Tue, 23 April 2024

Newsletter sign-up

Subscribe now
The House Live All
Press releases
By BAE Systems Plc

Britain must face hard truths to become a global force for good once more

Speaker of the House of Commons Sir Lindsay Hoyle with Ukrainian President Zelenskyy in Westminster Hall

4 min read

Despite turbulent times, I believe Britain should still aspire to be a leading power and a global force for good. Not out of some unchecked idealism, but because building a better and fairer world is vital to our own best interests. But doing that requires change: better political leadership, a reinvigorated approach, and a new spirit of internationalism.

The UK is interdependent, interwoven, and inextricably linked to the rest of the world, in our challenges, our opportunities, and our responsibilities. This truth should guide our actions as an international leader in an age of uncertainty. To prevent this century being one of further decline for our country, the UK needs to start acting like the global player the public and our allies expect. 

While Britain has done the right thing on Ukraine, the reality is that on other fronts, ‘Global Britain’ has been in retreat. The UK’s recent political instability meant we arrived at the greatest threat to peace and stability since the Cold War with our name carrying less cachet and our word less consequence.  

What can we do about it? Meeting the challenges of this generation requires a new internationalism that reasserts British soft power while ensuring the capability of our hard powered armed forces. 

First, the basics of diplomacy. We must repair damaged relationships and work with our European allies who share most of our foreign policy objectives. The urgency to repair our alliances has become more apparent with the continuing war in Ukraine, and closer alignment between China and Russia.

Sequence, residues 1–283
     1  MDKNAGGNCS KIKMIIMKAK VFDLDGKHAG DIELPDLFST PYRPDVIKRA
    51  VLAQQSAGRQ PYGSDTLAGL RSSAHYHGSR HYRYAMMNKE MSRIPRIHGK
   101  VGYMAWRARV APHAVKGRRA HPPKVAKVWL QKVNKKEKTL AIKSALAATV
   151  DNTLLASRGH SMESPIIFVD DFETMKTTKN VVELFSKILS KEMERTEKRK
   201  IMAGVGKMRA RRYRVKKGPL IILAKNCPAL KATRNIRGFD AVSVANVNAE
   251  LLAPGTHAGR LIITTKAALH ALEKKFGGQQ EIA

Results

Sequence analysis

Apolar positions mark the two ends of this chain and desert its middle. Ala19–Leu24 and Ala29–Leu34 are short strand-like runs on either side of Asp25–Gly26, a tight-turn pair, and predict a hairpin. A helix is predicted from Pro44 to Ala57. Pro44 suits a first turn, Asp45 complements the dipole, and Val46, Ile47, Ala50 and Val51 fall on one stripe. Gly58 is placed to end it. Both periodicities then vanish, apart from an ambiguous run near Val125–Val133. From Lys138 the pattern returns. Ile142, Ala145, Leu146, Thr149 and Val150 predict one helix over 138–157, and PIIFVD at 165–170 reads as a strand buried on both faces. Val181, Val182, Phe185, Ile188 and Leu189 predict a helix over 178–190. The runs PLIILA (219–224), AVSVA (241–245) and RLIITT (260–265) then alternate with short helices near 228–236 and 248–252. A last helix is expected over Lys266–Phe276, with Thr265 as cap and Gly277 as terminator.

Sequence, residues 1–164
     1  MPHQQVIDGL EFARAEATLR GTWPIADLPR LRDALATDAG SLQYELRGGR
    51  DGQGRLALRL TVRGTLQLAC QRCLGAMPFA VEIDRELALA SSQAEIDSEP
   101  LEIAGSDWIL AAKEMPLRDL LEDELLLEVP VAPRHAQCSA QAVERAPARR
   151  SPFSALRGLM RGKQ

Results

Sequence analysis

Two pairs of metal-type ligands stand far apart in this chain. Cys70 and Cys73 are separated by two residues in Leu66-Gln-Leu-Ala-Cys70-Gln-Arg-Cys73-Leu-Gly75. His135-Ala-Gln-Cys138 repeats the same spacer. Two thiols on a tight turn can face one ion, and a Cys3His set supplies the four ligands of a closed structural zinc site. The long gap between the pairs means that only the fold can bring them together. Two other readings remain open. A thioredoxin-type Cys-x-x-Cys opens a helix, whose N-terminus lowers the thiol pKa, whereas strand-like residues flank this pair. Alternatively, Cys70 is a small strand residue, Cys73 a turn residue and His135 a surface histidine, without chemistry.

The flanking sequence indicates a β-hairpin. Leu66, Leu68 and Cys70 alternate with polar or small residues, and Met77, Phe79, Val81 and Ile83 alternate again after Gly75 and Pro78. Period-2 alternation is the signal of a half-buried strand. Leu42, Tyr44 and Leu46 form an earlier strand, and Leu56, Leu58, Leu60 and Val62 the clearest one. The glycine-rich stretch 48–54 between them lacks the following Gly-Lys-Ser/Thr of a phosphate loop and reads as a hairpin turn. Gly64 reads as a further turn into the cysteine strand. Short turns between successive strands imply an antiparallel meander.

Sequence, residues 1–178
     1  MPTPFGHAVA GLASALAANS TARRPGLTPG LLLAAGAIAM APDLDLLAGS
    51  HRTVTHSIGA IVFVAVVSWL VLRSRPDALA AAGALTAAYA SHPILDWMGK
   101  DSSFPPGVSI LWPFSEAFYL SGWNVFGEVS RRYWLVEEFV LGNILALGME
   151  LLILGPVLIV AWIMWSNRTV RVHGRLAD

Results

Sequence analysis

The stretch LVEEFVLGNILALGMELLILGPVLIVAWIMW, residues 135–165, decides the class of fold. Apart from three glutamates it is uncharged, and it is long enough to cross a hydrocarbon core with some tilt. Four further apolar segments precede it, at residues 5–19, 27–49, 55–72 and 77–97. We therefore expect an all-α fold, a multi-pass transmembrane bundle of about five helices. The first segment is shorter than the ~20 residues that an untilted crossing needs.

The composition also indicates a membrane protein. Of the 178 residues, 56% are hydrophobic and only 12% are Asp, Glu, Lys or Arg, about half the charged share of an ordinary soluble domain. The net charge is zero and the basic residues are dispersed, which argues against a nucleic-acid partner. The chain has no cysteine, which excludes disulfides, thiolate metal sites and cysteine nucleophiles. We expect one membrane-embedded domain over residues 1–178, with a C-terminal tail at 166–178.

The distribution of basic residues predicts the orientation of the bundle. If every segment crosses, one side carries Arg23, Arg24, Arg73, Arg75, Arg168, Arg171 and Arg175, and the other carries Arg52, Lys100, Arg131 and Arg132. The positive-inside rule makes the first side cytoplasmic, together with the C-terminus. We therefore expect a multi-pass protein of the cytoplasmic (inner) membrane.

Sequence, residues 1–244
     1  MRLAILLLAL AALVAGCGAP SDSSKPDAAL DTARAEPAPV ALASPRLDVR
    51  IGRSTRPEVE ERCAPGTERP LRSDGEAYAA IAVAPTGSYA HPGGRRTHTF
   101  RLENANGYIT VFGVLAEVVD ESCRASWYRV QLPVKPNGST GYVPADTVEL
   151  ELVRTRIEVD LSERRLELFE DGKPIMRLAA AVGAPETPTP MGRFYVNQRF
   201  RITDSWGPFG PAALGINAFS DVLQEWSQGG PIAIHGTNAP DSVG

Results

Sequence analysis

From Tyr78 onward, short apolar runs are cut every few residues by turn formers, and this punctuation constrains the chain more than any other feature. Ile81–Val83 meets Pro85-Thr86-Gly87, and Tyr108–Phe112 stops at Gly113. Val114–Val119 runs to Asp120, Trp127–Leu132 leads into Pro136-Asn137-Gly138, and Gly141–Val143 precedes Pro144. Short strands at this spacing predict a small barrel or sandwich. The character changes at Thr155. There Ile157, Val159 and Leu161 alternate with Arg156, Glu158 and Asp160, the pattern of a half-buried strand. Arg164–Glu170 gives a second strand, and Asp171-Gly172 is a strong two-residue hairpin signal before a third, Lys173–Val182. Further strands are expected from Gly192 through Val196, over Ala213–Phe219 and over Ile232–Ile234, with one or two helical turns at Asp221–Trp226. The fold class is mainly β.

If the government really wanted to ‘stop the boats’, they would never have cut the aid budget

The strategic lodestar of this effort must be the idea of a rules-based international order. That does not mean being naive about the word we live in. But from the UN to the Ukraine, we should work to rebuild and reinforce norms of non-aggression, human rights, and the rule of law – because in the past few decades we’ve seen just how dangerous the world will be without them.     

Second, we must restore foreign aid to 0.7 per cent of GNI. The government’s decision to cut aid spending was as mean as it was self-defeating. The moral case notwithstanding, improving international stability will blunt mass migration, which will only increase as climate change and conflict cause greater displacement. If the government really wanted to ‘stop the boats’, they would never have cut the aid budget.  

But soft power is not just food parcels and diplomacy. The British Council had to close 20 offices because of funding cuts. Our touring musicians are battling bureaucracy at the border. The BBC’s international services are losing staff they rely on. Now is the time to enhance our soft power capabilities, not least Britain’s precious cultural exports. 

Thirdly, with more hostile actors confidently showing their military strength, our armed forces must be properly resourced to counter these threats. The government has reduced serving personnel by over 45,000 since 2010, and, as a US general put it, Britain no longer boasts a “top-level” fighting force. When the need has never been clearer, the government has not resiled from its plan to cut a further 9,000 troops.  

The most fundamental duty of the state is to keep its people safe. While we rightly supply defence equipment to Ukraine, the government's defence policy means we must bolster our own supplies should crises erupt elsewhere. The refreshed Integrated Review will not repair the damage. This matters because Britain must always be NATO's leading European nation, and both major parties must continue with their unshakeable support. 

Britain should always punch above its weight. We can and will again, but that means facing up to some hard truths. In an increasingly volatile world, the UK needs a new internationalism that truly understands shouldering our global responsibilities is interwoven with our security and prosperity. As President Zelenskyy said on the steps of Westminster Hall, "The world needs your leadership, Britain." 

Dan Jarvis MBE MP served as a Major in The British Army. 

PoliticsHome Newsletters

Get the inside track on what MPs and Peers are talking about. Sign up to The House's morning email for the latest insight and reaction from Parliamentarians, policy-makers and organisations.

Read the most recent article written by Dan Jarvis MP - Britain should be a hostile environment for serious organised crime

Engineering a Better World

The Engineering a Better World podcast series from The House magazine and the IET is back for series two! New host Jonn Elledge discusses with parliamentarians and industry experts how technology and engineering can provide policy solutions to our changing world.

NEW SERIES - Listen now